Reading Tad Williams: “The War of the Flowers”

Having finally found a bit of breathing space in the midst of frantic Dissertation, I thought I’d pop in and write a quick review of Tad Williams’ excellent one-volume epic The War of the Flowers. 

In the tradition of other epic fantasy writers who turn to something a little more whimsical than is usually on offer with the genre of the epic, The War of the Flowers is narrated from the perspective of the 30-something, mostly-washed-up musician Theo Vilmos. One night, he finds himself attacked by an undead creature and is saved by the foul-mouthed sprite Applecore. Whisked into the realm of the Fairies, which exists alongside our own (and to some extent mirrors ours), he soon finds himself embroiled in a long-simmering war between the various great houses of this world, some of whom wish to co-exist with humans and others that want to obliterate them. In the process, he learns a great deal about himself and solves a troubling mystery about his own heritage.

It’s not everyone who can manage to write a single-volume epic fantasy, but as always Tad Williams shows himself a master of whatever genre he turns his hand to. The pacing is, for such a large novel, quite brisk, toggling effortlessly between brisk action set-pieces and the more arcane political machinations that one always expects from the best sorts of epic fantasy. There are characters from every walk of life in this mysterious fairy world, and there are family loyalties, class warfare, and all of the other trappings that make this genre one of the most complex and fascinating in contemporary literature.

The characters are fully-drawn which means that they are often quite awful and difficult to like. This goes for Vilmos as much as it does any of the more magical creations, for Theo is the epitome of what might be called privileged white manhood. He sometimes can’t seem to wrap his head around the idea that he is not entitled to an easy answer to all of his questions, and that sometimes one is caught up in events that sweep us along. The fact that, as a rather entitled man, this lack of agency comes as a shock, reveals a great deal about how the men in our world think about the way that they inhabit social spaces. Williams has a keen eye for the insufferable nature of this sort of behaviour, and he’s not afraid to allow us as readers to get quite annoyed with Theo throughout the novel.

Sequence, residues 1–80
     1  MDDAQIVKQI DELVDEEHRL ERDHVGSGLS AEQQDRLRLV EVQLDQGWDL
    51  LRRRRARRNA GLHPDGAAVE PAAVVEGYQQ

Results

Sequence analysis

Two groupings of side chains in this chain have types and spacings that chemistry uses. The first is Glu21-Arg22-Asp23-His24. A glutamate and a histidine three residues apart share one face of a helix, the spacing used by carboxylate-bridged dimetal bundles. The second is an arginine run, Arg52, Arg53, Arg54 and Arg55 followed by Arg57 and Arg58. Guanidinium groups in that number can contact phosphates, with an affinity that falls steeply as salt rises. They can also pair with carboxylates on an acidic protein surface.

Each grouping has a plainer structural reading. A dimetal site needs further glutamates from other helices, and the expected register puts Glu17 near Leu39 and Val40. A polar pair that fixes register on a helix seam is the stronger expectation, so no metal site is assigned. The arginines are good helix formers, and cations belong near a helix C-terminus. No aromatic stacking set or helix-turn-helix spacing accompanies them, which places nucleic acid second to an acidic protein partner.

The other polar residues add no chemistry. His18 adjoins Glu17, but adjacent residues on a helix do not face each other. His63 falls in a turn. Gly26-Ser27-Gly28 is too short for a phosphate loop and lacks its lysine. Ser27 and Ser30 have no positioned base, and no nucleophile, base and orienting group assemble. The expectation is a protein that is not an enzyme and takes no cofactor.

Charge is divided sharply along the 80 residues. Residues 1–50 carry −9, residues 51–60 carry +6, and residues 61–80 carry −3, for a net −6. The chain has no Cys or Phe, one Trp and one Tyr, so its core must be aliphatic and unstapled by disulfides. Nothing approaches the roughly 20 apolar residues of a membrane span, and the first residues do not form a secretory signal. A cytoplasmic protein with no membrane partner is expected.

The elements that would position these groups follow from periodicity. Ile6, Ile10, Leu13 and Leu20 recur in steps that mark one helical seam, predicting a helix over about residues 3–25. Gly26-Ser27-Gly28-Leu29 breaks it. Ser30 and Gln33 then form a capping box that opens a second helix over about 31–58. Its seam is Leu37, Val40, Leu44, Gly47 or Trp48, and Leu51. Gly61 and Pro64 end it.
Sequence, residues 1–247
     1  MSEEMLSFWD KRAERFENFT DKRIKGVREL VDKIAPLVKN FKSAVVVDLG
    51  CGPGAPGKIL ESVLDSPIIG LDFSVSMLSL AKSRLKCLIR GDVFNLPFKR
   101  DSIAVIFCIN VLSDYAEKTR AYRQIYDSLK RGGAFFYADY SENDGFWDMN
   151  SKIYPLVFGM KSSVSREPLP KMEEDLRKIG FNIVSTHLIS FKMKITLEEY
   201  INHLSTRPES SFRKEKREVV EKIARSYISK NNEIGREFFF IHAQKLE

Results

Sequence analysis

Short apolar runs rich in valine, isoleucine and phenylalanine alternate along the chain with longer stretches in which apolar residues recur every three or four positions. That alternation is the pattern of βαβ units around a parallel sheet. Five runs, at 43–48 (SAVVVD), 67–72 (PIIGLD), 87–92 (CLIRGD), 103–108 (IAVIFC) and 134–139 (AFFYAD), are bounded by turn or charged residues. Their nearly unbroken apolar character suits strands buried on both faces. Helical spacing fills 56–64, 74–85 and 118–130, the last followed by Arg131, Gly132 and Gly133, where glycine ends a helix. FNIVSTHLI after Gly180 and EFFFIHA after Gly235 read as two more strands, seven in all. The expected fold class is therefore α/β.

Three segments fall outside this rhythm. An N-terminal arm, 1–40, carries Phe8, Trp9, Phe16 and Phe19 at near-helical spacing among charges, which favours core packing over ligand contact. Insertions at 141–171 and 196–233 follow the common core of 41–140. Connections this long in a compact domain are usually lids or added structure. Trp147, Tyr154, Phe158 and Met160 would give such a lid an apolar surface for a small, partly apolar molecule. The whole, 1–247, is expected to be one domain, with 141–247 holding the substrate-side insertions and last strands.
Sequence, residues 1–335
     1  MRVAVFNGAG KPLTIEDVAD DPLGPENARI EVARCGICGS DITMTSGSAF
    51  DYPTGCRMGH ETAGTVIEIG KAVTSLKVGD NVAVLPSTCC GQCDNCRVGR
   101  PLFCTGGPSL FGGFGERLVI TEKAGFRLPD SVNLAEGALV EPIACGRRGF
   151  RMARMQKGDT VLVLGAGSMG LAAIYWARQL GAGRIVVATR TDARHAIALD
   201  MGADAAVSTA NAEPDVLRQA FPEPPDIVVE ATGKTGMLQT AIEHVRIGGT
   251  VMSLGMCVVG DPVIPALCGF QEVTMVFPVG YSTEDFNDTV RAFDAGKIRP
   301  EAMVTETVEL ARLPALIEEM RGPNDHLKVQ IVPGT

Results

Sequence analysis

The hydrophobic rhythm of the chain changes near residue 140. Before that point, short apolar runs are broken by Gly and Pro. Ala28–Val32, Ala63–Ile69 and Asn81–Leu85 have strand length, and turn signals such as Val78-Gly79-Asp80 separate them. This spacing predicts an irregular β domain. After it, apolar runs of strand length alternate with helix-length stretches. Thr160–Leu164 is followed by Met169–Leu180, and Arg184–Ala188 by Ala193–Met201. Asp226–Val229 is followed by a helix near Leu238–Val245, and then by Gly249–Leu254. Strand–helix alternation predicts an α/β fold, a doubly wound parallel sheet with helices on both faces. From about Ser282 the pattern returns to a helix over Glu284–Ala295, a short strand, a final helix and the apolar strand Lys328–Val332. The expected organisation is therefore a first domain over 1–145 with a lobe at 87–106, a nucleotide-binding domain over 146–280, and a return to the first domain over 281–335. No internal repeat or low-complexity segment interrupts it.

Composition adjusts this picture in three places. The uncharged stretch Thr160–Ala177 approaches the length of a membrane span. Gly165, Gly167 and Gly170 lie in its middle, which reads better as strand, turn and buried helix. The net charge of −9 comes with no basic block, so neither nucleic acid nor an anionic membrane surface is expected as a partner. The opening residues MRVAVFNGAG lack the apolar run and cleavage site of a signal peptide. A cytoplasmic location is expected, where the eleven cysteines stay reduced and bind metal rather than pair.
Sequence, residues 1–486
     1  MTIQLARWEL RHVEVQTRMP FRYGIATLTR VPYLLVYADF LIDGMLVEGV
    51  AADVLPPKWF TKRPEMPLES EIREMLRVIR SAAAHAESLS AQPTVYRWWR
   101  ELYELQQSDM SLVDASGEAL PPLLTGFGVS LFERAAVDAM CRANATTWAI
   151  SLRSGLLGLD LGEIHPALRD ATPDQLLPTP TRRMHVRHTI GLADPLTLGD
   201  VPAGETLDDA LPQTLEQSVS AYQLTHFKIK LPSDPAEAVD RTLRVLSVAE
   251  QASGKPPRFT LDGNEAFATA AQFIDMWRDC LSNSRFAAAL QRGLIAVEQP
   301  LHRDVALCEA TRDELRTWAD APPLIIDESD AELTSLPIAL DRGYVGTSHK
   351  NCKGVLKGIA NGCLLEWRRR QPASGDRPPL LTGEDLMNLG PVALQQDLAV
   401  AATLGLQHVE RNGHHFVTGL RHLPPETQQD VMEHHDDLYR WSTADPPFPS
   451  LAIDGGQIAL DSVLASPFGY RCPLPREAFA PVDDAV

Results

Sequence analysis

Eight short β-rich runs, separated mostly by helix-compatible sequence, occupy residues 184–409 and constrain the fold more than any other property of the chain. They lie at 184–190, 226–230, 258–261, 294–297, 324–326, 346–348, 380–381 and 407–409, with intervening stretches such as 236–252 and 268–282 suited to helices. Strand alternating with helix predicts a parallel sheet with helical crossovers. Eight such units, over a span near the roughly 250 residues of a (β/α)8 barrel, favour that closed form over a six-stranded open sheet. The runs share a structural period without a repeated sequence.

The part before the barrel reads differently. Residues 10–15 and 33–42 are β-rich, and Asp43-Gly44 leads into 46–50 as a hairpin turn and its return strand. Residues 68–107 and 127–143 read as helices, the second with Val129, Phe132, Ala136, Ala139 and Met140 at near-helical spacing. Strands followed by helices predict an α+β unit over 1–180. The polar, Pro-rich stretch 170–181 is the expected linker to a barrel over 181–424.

Of course, this being Tad Williams, there is more than a little social commentary going on throughout the novel. The higher forms of fairies are notoriously cruel, unthinking, and exploitative, and they care little (or nothing) for the lives and well-being of their fellows. They ruthlessly exploit them to power their scientific (magical) advancements, but in doing so they inadvertently sow the seeds of their own eventual downfall. The War of the Flower makes it quite clear that so many of things that many people take for granted, both in the fantasy world that Williams has created and in our own, are built, from the foundations, on the exploitation of others. It’s a troubling realization, but that is part of the brilliance of this novel.

Though it was written in the early aughts, The War of the Flowers feels even more relevant today. Button the Goblin could just as easily be a stand-in for the incendiary politics of Bernie Sanders, and the wanton cruelty of Thornapple and Hellebore bear a surprising resemblance to certain nefarious parts of the American political system of 2016 (I’m looking at you, Donald Trump and Steve Bannon). When, at the end of the novel, everything in the world seems to have fallen into ruin and chaos, there is still a glimmer that a new, more just political order might emerge from the ashes of the old. That, ultimately, is a very optimistic view of the world that it is nice to see in epic fantasy.

All in all, I enjoyed The War of the Flowers quite a lot. I’ve always admired Williams’ ability to combine thickly layered plots with lush description, and both of those tendencies are on full display here. He has definitely earned his place in the pantheon of great epic fantasy writers of our generation, and I very much look forward to my continuing journey through his oeuvre. 

Next, it’s on to the Bobby Dollar series, which I like to think of as film noir meets John Milton. Stay tuned!

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Reading Tad Williams: “The Witchwood Crown” (Book 1 of “The Last King of Osten Ard”)

Warning: Major Spoilers Follow

At long last, I have finished The Witchwood Crown and let me tell you, dear readers, this is one hell of a book.

The story takes place roughly thirty years after the end of To Green Angel Tower, and Simon and Miriamele have successfully ruled as the High King and High Queen of Osten Ard. However, not all is as peaceful for it seems, for there is unrest throughout the human kingdoms, and the Norns have also begun to re-emerge from a long period of dormancy. Beset with problems both domestic and political, and joined by numerous new characters, Simon and Miriamele must contend with yet another grave peril to their beloved kingdom.